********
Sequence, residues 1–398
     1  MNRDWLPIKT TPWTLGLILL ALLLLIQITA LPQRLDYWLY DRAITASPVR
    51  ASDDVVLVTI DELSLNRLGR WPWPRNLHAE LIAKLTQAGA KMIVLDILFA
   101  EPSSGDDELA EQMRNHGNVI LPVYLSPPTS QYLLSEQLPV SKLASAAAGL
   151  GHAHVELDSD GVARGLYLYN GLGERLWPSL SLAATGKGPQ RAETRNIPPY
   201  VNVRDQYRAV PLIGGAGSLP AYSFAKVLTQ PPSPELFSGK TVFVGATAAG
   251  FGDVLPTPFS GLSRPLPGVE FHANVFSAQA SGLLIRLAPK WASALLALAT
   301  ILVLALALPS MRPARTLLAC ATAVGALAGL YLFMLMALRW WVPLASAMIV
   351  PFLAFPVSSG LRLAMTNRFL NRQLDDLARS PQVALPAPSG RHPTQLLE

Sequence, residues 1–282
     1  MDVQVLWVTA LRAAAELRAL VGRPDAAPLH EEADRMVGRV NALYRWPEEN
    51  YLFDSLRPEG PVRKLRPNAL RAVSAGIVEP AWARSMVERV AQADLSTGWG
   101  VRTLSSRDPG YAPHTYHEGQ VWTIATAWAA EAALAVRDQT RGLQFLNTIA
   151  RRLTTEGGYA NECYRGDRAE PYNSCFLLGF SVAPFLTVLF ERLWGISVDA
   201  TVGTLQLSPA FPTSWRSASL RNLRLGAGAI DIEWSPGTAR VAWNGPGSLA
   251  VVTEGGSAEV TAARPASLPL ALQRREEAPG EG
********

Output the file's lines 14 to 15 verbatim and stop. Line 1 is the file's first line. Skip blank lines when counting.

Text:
   151  RRLTTEGGYA NECYRGDRAE PYNSCFLLGF SVAPFLTVLF ERLWGISVDA
   201  TVGTLQLSPA FPTSWRSASL RNLRLGAGAI DIEWSPGTAR VAWNGPGSLA